Thursday, March 24, 2016

The cost of raising your own pig: 2016 edition

This is what it will cost you to raise a pig in my area; your own individual feed costs may vary a bit, but this should give you a good idea of what your cost is to raise your own pigs.   If you just want the numbers, go to the bottom of this post where I list 'em all out.  

Pigs aren't very hard to raise at all - as long as you get a handle on the fencing situation, you'll typically have very little to do other than keeping the feeder full and making sure that they have water and a dry place to sleep (more on the place to sleep later)

We are selling our piglets right now (March, 2016) for $125 each.  That's for a 20 to 30lb weaned pig that is healthy and active.  They've had 7 to 8 weeks on the sow, and have been eating solid food in addition to nursing for at least 2 weeks.   I've found that keeping them on the sow adds weight faster than any other option for me, and I want to provide the largest piglet I can for the money.  

When a piglet is growing it's using the feed it eats for one of two things:  Growth or Warmth.  In the early spring, which is this time of year, the piglets will benefit from having a warm, dry place to sleep.  It doesn't need to be fancy; I've seen people use old pickup truck canopies as great pig houses, or a 3 sided box made out of pallets, or a calf dome that's been repurposed - the goal of the shelter is to provide a wind break and keep the bedding dry.  having a warm, dry place to sleep means that more of your feed goes into growth, and less into heating.  

So I'd suggest you buy a bale or two of the cheapest hay you can get, or straw, and provide it to your pigs in the shelter.  In my area straw sells for $9 for an 80lb bale, local grass hay for $6 / 60lb bale.  I'd buy one or two bales, and then provide it to the pigs a quarter bale per 2 piglets at a time.  

Each piglet will need 800lbs of feed, (unless you can find some free pig food!) and I'm paying $345/ton for feed delivered to my farm.  That works out to be about $0.17/lb, or roughly $8.62 per 50lb bag (mine is in bulk, not bagged).  If you're going to buy bagged pig feed at the feed store you're probably going to be paying between $13 and $16 per 50lb bag, which works out to be something like $520 a ton to $640 a ton.  It's worth checking if you can get bulk feed, or, if you're raising enough pigs, if you can put together a minimum order (usually 4 tons) so you can get the feed at something closer to the price I pay.  

I would say that a minimum pig pen is going to cost you about $120.  that's 4 hog panels (16' x 34" tall) and 8 metal fence posts (T posts) to hold  the panels up.  that's a good size for a couple of weaners, you'll want more space as they get bigger, but that setup allows you to train the pigs to an electric fence.  

I highly recommend electric fence training because it allows you to fence your pigs in later with a single strand of wire or rope or tape or whatever  you're using for fencing material, and you can quickly and easily move the pigs around your property to graze on whatever it is you'd like to graze.  I use the pigs to clear fencelines and areas that I can't otherwise use, for instance.    A good electric fence charger will cost  you something like $180, and lets toss in $40 for tape or rope or wire, and another $50 for 20 step-in plastic posts.    20 posts would allow you to enclose an area about 100' square, which you can move around as the pigs munch on whatever is there to start.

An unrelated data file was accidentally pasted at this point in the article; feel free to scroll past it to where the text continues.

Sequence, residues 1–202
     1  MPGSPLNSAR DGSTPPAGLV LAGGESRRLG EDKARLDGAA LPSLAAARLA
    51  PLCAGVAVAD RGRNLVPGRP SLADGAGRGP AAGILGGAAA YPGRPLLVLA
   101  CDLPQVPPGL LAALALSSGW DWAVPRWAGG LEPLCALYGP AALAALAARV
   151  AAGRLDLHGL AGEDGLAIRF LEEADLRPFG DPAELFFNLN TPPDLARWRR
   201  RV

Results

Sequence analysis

Here's the rundown

Cost of the pig $125
Cost of bedding $18
Cost of feed (800lbs, wholesale) $138.00
Cost of feed (800lbs, low retail) $208.00
Cost of feed (800bs, high retail) $256.00

So the cost ranges from $281 to $399, all consumables included

For $281 to 399 you get 220lbs of hanging weight pork, which will translate to 165lbs of  everything that you would expect; hams, bacon, pork chops, sausage and so on.  If you butcher it yourself, you'll be getting your meat at something like $1.70/lb to $2.41/lb .  Which is a very good value.  

If you choose to have the meat processed by a meat shop, add $60 for the farm kill, and then $0.60 or so for the cut-and-wrap fees.  Your local meat shop may charge more for sausage or for curing or smoking; so we'll just call the cut-and-wrap fee $0.80 and add it to the total.  that would give you a complete cost between $2.50/lb (wholesale feed) to $3.21/lb (retail feed), which is still better than you'll typically do in the supermarket.  

Your pen (which you can re-use the next year, and for many years, actually) will cost you $430 and will house up to 4 piglets and give you the option to move the pigs around for grazing.  

I would recommend pigs as an easy-care animal (but do take my advice on fencing.  You do NOT want your pig to learn that it can get out or you'll have a rodeo every day!

And I haven't added a line for how much most folks enjoy having their own livestock.  Our current culture has removed most people from contact with livestock, and I honestly think that it adds a depth to your life that you can't get any other way.  


Unknown said...

raising pigs in your area is expensive. It would almost be cheaper to have the mest from one shipped in from NE

Bruce King said...

I agree with you. It's more expensive than in the midwest because most of the feed for the pigs has to be transported from there to here and/or purchased at retail prices. It's a little cheaper to find a wholesale seller, but the cheapest feed by far that I have is the feed I raise myself.